**See Updates: A temporary government shutdown is now expected, as the two chambers have reached an impasse. House Republican leaders could not muster the GOP votes for a "clean" temporary budget, and Senate Democrats killed every GOP offer. This guide to "shutdown" is more relevant than it's been in nearly two decades. **
The next House CR vote will occur any moment. This version of the spending package would (a) keep the government open by funding its operations at BCA-mandated levels, (b) delay Obamacare's unpopular individual mandate tax by one year (rather than the entire law), an idea has attracted bipartisan support in the recent past, and (c) includes the "Vitter Amendment," which explicitly rejects the Obama-orchestrated sweetheart deal for member of Congress and their aides. The Democrat-held Senate will almost certainly kill it, though Harry Reid's members will have to go on the record opposing these popular ideas. Once the Senate strips out the Obamacare-related provisions, they'll ping a "clean" CR back to the House. At which point, things get interesting because Republicans will have some tough decisions to make with the clock winding down:
What may matter even more than CR vote: the next expected evening House GOP conf mtg, where it cld be clean CR vs another O'care ping— Robert Costa (@robertcostaNRO) September 30, 2013
So, do they pass the clean CR -- which, again, would continue to fund the federal government at GOP-preferred levels -- or do they opt for some other plan? Their potential remaining options are pretty limited. Either they send yet another CR with certain strings attached to the Senate (perhaps their "smallest" ask to date, which could anger House conservatives), or they shut the government down. How long such a partial shutdown would last is unclear, as the politics would remain quite fluid. Some rank-and-file moderates are getting frustrated by this endless parade of votes. They realize that a shutdown would be wielded as an effective political cudgel in swing districts, so they may be willing to go along with the "clean CR" option. Boehner may in fact seek to persuade a majority of his caucus to join that coalition in the wee hours of the morning to head-off a shutdown. Questions everywhere: Would he need to firm up support for that option, or are the votes already there? And how would conservative members react? Would Boehner's Speakership be in jeopardy? On that last one, I don't think so...unless he brooms the 'Hastert Rule' and allows a minority of House Republicans to join with Democrats to pass the CR; then things could get dicey. Pelosi has indicated that she'd help whip her caucus to provide the necessary votes. Republicans in the House have stayed remarkably united over the last few days, but the acrimonious splintering could occur then push finally comes to shove. Stay tuned for updates...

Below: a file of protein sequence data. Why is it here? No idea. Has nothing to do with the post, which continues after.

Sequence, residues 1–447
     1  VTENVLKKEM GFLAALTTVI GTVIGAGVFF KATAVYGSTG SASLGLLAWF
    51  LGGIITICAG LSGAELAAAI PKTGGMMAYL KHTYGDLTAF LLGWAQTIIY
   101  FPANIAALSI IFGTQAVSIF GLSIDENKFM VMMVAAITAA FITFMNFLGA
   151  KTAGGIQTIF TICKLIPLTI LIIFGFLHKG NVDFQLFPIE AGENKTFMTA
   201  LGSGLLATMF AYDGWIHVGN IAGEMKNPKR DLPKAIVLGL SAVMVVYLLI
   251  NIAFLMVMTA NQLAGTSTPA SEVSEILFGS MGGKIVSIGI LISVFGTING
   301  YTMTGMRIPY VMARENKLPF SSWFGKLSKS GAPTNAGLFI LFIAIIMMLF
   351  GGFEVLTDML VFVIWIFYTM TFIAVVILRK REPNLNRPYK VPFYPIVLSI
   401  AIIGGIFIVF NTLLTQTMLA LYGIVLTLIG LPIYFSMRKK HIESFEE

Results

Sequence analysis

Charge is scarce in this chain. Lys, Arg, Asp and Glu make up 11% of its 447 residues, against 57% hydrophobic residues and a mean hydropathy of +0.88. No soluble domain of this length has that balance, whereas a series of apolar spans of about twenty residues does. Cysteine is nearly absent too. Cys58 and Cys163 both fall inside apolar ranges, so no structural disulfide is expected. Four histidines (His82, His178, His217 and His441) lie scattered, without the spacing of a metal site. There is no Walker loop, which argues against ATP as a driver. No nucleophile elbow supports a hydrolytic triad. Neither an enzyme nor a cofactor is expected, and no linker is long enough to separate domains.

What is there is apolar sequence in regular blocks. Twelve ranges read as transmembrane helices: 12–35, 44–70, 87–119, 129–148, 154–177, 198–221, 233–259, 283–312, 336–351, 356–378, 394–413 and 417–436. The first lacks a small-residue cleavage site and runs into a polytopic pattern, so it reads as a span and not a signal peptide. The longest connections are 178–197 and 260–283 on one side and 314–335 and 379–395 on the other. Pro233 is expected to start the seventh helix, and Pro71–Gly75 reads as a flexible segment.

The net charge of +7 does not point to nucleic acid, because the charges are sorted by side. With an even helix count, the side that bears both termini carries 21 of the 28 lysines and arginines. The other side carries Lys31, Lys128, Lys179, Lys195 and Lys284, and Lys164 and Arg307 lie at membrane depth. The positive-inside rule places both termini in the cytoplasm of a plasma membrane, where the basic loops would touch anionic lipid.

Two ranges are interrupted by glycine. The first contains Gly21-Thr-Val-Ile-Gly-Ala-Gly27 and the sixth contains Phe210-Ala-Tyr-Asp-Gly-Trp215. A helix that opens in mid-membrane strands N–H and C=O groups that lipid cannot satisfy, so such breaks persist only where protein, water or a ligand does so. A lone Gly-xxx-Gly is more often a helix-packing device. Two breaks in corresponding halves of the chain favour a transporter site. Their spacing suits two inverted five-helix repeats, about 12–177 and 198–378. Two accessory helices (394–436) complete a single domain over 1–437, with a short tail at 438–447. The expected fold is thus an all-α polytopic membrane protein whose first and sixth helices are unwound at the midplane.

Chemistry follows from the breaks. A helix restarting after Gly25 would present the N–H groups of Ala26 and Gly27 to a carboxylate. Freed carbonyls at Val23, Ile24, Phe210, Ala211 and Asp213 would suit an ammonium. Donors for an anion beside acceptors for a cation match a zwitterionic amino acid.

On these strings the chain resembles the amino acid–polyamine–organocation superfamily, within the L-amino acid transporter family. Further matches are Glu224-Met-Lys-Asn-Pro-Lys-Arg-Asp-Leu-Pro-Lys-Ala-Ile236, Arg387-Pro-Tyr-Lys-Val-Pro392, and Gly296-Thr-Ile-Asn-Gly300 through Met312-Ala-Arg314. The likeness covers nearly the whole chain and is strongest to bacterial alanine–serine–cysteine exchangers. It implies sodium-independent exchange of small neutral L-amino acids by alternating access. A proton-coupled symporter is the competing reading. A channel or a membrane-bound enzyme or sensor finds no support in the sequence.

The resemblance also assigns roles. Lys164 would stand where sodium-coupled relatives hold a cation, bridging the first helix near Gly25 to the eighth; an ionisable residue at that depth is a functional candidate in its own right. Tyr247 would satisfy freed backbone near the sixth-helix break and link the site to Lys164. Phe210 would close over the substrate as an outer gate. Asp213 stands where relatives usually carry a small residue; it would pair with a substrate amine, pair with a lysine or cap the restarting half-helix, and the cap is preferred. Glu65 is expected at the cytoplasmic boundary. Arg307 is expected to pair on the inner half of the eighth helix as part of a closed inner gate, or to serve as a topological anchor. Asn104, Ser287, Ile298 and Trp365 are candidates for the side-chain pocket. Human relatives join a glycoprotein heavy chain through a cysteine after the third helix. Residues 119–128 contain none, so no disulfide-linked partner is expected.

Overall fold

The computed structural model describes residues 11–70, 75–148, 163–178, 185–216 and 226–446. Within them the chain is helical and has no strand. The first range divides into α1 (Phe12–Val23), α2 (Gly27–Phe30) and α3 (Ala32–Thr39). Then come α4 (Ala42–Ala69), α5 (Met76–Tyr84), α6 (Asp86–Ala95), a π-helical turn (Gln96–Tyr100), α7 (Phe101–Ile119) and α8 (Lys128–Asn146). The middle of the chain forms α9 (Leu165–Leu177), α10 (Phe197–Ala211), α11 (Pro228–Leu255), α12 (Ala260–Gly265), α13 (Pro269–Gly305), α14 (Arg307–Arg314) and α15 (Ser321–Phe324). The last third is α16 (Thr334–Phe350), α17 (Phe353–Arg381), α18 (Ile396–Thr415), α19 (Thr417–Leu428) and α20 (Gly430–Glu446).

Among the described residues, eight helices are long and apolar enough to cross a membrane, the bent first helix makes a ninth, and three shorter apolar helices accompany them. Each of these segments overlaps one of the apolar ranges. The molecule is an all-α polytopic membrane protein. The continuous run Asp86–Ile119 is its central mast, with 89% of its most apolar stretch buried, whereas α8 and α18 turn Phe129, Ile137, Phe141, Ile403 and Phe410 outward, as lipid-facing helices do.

UPDATE - The House has passed their latest iteration of the CR 228-201, with all but 9 Democrats voting to protect the mandate tax and their own special treatment under the law. A dozen Republicans voted with Democrats -- some because the bill was too watered down, others out of frustration with the endless votes. The Senate is poised to kill the government-funding mechanism immediately:
Senate Dem aide: Within about an hour of the Hse vote, the Senate will send our clean CR to the House, stripped of whatever amdts they add— Chad Pergram (@ChadPergram) October 1, 2013
King predicts "at least two" more back and forths on CR before a clean one can come to house floor. "Gonna be a long night" he says.— KateNocera (@KateNocera) September 30, 2013
Senate Dem leadership aide on House Rs requesting CR conference w/Senate: "DOA, just like everything else"— John Harwood (@JohnJHarwood) October 1, 2013
This is how the GOP will try to message the temporary shutdown:
The new GOP talking pt tmw: Reid shut it down b/c he refuses to compromise, we're bringing him to the table w/ conference— Robert Costa (@robertcostaNRO) October 1, 2013
Guy Benson is Townhall.com's Political Editor. Follow him on Twitter @guypbenson. He is co-authors with Mary Katharine Ham for their new book End of Discussion: How the Left's Outrage Industry Shuts Down Debate, Manipulates Voters, and Makes America Less Free (and Fun).
Author Photo credit: Jensen Sutta Photography